UCT says it's seen a decline in campus crime over the last two months
UCT vice-chancellor Mamokgethi Phakeng said the safety of the university’s students and staff remained one of the its key responsibilities, and she assured that all security matters were under scrutiny.
Phakeng said the Campus Protection Services (CPS) operated 24/7 and was committed to maintaining the safety of UCT and the wider community, safeguarding their property, while maintaining order in accordance with university policies. She said officers operated from centres at UCT, patrolling campuses on foot, in marked cars and through live CCTV feeds. She said several changes and initiatives had been put in place.
“CPS works closely with the police on certain crime categories and has recorded a number of successes in the past two months, particularly regarding arrests for vehicle-related crimes. Our partnership with the Groote Schuur Community Improvement District has yielded a 66.67% reduction in robberies with aggravating circumstances, and a 69.23% reduction in the theft of motor vehicles and motorcycles between August last year and September 2019.”
In addition, Phakeng said UCT now had licence-plate recognition (LPR) cameras, which operated in conjunction with the GSCID. “On August 26, a vehicle believed to be tied to the theft of motor vehicles was identified on campus through the LPR. The suspects were arrested by police while trying to steal another vehicle.”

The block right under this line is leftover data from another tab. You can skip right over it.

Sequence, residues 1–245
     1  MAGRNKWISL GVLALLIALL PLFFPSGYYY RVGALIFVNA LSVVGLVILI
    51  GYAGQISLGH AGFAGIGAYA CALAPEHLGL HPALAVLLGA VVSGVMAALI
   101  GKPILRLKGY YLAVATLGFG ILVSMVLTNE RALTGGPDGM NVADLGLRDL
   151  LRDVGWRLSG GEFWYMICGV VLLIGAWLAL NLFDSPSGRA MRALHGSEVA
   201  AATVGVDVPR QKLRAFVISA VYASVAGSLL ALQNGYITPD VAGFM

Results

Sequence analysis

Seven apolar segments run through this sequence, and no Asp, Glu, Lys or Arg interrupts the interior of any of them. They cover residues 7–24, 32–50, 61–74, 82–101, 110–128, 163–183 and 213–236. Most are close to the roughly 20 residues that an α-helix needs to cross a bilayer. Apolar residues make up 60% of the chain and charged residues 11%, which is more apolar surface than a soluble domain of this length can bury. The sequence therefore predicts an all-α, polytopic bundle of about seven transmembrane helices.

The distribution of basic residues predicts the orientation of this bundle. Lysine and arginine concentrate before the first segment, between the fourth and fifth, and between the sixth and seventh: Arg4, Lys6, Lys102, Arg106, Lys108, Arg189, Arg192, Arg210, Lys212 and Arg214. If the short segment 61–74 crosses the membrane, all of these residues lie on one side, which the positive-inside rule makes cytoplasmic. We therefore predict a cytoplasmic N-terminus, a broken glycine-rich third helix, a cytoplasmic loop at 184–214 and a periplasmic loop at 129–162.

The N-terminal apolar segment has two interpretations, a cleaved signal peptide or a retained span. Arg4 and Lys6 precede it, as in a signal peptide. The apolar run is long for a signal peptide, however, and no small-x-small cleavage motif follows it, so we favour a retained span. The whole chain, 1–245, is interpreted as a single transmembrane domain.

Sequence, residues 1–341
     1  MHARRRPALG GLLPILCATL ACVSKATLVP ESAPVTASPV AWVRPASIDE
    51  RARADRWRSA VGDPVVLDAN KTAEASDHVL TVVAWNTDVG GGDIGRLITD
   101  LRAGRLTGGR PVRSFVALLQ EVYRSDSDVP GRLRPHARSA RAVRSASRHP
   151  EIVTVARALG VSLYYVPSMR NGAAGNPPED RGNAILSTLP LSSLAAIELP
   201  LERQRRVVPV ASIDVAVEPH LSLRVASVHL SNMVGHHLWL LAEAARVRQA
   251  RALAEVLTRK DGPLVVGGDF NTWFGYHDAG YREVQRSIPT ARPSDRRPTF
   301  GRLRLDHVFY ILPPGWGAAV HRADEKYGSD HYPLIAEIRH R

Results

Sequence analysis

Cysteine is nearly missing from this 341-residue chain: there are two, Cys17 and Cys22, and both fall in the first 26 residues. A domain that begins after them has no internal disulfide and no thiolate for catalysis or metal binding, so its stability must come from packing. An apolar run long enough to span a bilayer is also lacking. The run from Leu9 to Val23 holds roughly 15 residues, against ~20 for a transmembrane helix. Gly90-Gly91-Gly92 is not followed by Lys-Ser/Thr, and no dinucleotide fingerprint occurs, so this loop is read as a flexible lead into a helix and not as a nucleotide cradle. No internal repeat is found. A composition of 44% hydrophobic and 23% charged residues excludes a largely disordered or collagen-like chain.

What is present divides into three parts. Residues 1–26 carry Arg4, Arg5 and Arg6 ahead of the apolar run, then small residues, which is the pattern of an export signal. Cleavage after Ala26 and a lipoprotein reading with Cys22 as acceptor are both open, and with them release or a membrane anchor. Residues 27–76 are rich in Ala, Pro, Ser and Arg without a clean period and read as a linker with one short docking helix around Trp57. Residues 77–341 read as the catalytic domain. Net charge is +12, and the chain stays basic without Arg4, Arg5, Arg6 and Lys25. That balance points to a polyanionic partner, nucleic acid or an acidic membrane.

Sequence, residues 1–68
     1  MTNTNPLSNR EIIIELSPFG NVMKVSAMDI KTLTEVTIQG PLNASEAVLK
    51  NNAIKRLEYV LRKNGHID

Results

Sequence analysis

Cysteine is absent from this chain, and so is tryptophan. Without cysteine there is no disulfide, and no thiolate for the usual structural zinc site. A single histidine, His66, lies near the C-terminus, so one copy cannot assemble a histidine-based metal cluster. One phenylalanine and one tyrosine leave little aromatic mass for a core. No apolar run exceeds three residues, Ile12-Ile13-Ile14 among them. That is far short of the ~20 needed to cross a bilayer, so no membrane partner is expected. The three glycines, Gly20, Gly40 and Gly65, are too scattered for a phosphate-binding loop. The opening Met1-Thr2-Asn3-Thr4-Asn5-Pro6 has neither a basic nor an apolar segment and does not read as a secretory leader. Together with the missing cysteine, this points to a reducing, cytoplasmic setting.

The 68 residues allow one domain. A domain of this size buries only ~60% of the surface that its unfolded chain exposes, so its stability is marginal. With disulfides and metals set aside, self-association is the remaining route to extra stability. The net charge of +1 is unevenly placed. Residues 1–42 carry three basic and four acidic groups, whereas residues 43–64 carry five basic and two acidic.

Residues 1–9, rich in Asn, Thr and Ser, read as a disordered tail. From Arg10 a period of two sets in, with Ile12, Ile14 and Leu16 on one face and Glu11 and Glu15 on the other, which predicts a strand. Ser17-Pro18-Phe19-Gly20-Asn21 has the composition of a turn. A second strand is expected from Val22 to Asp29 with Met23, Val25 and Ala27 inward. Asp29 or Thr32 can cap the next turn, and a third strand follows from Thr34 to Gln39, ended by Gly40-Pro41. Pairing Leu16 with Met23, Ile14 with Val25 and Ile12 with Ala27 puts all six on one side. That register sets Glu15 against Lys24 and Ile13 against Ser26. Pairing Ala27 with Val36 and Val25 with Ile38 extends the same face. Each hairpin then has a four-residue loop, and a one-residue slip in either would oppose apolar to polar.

Phakeng said perimeter security had been improved, in collaboration with the GSCID, across all campuses to increase security presence and to deter opportunistic offenders.
“In another collaboration with the GSCID, CPS staff had been strategically deployed to focus on crime hot spots across UCT’s campuses, including all satellite campuses, in order to secure the university’s perimeter. As an open campus, UCT has several identified vulnerable areas which are being monitored constantly,” she said.
Phakeng encouraged staff and students to consider car pools, to avoid parking in unprotected off-campus side streets and/or to move their vehicles closer to campus during daylight and busier times.
However, student organisations were sceptical about the initiatives. The secretary of the SRC, Asemahle Ntumntum said UCT was not doing all it could to prevent crime on its campus. “Right after some of their safety measures were implemented, students were getting mugged at the Middle Campus, and some were even held at gunpoint. This is happening on campus, but UCT claims to have increased the visibility of the CPS,” Ntumntum said.
She said security guards on overnight Jammie shuttles “really don’t do what they are instructed to do”. “Students still get on Jammies without producing their cards. I don’t know how having guards on Jammies is preventing crime.”
DA Students Organisation chairperson Luke Albert welcomed UCT’s CPS deployment. “UCT is an open campus, and we hope management engages the City of Cape Town with possible solutions in the area, as crime in the community directly affects safety on campus.”
Phakeng said students and staff should be aware of their surroundings, particularly of people in their environment. “Report suspicious behaviour. Do not leave your possessions unattended. If you feel unsafe, call CPS on 0806502222 (toll-free) or 0216502222/3. This number is on the back of every UCT identity card.”@SISONKE_MD